Trust yourself to speak up
The other day I took Miss G to the salon for some facial hair tidying. As we’re leaving, the aesthetician says to me, “Listen, I have to thank you.”
“For what?” I say.
“Well, last week when you were here you asked for a pillow because you said it felt like you were tilted downhill. And since then I’ve been using a pillow for everyone, and when I ask all my clients they say ‘Oh, this is so much more comfortable, thank you!’ So, thank you. I never even realized. Everyone is so much happier now!”
My first reaction was to feel a little embarrassed that I opened my big mouth in the first place. And then I thought, wait a second. All her other clients were uncomfortable. ALL of them. Yet no one else said a word. They would rather be uncomfortable, and trust that Ali the Aesthetician knew better than they about their own comfort level. Not that she isn’t delightful but…
Why didn’t anyone else speak up?
Speaking up is something I’ve been working on. Those who have known me a while are probably laughing right now… yes, okay, despite my opinionated ways, I DO have problems speaking up. About some stuff. Mostly, speaking up in the moments when it’s both most vital and most challenging to do so, especially about things that trigger my anxiety… like lying tilted slightly backwards and upside down in a very, very small room. *shudder*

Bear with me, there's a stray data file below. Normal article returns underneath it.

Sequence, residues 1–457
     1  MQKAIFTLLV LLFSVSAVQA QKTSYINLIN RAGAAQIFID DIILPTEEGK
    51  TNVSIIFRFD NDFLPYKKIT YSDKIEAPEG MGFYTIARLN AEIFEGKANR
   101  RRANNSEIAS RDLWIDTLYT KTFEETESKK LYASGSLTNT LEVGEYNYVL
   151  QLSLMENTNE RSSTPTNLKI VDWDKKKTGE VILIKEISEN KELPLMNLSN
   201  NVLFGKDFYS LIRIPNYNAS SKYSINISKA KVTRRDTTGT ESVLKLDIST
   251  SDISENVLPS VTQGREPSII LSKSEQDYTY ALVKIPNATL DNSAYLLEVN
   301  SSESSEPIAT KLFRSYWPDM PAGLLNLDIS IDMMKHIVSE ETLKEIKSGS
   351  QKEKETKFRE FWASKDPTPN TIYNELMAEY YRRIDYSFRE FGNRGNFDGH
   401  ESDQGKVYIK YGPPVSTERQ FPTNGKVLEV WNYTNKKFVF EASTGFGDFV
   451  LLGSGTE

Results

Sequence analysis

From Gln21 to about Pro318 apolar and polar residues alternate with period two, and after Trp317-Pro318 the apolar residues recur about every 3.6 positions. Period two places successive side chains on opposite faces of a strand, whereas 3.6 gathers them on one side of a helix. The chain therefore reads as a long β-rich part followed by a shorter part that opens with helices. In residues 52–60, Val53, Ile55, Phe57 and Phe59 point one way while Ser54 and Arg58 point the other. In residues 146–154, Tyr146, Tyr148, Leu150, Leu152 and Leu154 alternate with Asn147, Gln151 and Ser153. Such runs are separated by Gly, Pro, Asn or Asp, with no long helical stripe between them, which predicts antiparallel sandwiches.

We are so willing to subjugate our own instincts to an external authority, whether it’s an aesthetician, teacher, doctor, or whoever. What makes us think that an outside party knows what’s better for us than… well, us?
On my list of things to do this year: trust myself more. Trust that I know how to be happy better than anyone else knows what I should be doing to become happy. Even if it’s as small a detail as asking for a pillow while getting my eyebrows waxed.
Oh hey there, struggling stepparent!
Listen, I put together a new website just for high-conflict blended families: Blended Family Frappé. Come on over and join the hundreds of other stepparents who are reclaiming their sanity one Sunday newsletter at a time.